Kolgaon, Haryana: Amidst the shifting narrative surrounding the murder of Rakbar Khan – the 28-year-old dairy farmer whose killing on Saturday makes him the third Muslim to meet a violent end in the Alwar region of Rajasthan in 15 months – this much is indisputable: he and his friend Aslam Khan were brutally attacked by an angry mob of gau rakshaks who had been brought to the spot by villagers worried about men trespassing through their fields in the dark with cows.
The assumption in the Lalawandi area was that the men were Muslims, that they were ‘smugglers’, and that the cows were being transported in order to be slaughtered for meat. In the charged atmosphere that has gripped this district barely 125 kilometres from Delhi, these assumptions – and the arrival of activists connected to the Vishwa Hindu Parishad – were tantamount to a death sentence. And that is what was handed down to Rakbar, say family members and social activists, even if the precise sequence of events leading to his eventual demise remains a matter of dispute – or deliberate obfuscation.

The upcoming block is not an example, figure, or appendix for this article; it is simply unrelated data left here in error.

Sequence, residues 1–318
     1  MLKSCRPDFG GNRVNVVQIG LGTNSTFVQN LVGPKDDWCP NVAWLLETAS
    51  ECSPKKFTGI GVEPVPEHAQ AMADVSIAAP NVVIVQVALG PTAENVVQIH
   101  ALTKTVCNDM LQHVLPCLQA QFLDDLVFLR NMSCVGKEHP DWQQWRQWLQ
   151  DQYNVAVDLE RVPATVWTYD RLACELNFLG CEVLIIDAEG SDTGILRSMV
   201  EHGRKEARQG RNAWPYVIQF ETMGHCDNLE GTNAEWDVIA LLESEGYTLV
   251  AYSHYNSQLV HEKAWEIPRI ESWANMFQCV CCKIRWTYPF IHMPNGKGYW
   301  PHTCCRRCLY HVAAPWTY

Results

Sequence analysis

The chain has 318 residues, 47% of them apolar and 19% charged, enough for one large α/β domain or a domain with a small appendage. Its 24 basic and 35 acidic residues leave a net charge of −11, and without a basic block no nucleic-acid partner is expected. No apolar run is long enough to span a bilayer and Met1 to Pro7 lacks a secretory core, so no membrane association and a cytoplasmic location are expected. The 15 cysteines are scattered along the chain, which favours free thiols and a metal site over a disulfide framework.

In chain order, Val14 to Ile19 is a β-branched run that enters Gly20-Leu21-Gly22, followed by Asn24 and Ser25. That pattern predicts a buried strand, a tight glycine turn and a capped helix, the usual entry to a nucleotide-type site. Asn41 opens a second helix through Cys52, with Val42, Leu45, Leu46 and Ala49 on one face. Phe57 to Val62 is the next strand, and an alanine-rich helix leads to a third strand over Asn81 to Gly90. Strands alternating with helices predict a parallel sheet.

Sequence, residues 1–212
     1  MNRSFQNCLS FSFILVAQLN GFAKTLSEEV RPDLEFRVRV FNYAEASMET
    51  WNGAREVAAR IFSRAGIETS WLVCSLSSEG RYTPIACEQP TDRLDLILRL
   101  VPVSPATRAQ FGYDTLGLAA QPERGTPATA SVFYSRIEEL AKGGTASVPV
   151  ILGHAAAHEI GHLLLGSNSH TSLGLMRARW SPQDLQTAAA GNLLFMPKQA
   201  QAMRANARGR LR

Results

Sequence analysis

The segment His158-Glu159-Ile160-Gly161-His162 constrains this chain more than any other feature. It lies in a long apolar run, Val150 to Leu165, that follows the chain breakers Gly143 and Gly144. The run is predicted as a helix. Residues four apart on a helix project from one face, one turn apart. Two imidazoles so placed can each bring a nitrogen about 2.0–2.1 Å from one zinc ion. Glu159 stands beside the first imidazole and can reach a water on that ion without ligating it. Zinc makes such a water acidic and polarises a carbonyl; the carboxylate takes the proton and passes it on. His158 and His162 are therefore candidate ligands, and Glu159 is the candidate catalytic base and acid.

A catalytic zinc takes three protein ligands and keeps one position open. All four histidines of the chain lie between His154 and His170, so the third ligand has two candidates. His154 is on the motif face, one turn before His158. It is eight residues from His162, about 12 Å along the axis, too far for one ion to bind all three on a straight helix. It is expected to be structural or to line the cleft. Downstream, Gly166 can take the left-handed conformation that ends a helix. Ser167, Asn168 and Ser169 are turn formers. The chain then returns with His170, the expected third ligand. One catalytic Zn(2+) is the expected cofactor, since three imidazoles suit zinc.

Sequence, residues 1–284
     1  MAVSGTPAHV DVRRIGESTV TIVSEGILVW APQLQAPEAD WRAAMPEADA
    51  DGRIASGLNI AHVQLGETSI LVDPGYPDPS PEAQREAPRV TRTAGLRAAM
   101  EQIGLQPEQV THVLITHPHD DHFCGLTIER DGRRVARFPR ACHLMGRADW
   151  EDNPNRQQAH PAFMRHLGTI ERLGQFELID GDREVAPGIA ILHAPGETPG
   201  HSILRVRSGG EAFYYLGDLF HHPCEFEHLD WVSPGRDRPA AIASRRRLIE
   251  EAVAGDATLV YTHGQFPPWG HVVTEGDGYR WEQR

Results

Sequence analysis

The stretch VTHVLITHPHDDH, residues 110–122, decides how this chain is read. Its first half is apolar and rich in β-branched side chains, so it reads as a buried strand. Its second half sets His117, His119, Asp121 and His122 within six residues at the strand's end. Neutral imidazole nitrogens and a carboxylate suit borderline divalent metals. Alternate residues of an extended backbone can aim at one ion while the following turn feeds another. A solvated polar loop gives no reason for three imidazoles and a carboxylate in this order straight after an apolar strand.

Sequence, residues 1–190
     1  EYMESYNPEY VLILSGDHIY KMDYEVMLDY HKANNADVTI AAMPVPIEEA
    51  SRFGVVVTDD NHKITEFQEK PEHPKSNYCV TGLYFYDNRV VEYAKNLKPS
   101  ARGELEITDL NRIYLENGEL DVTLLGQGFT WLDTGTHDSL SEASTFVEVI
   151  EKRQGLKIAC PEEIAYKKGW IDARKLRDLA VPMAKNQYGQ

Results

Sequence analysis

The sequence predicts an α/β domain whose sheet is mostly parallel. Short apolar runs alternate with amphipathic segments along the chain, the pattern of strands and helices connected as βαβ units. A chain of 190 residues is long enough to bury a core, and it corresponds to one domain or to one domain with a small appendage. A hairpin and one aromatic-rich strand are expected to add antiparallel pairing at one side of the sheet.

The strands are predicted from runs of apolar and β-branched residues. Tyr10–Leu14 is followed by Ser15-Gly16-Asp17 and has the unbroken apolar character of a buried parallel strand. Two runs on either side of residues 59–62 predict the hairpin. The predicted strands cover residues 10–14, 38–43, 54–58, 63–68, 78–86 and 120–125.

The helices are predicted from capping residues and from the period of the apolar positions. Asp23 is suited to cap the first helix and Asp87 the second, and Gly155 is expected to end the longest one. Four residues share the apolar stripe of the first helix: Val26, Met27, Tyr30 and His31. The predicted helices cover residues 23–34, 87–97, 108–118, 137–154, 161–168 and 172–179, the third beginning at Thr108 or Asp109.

Speaking to The Wire, farm owners in Lalawandi said that they had informed the gau rakshak activists that for quite a few days, some men had been trespassing through their fields at night with cows. The farmers were convinced the men were cattle smugglers.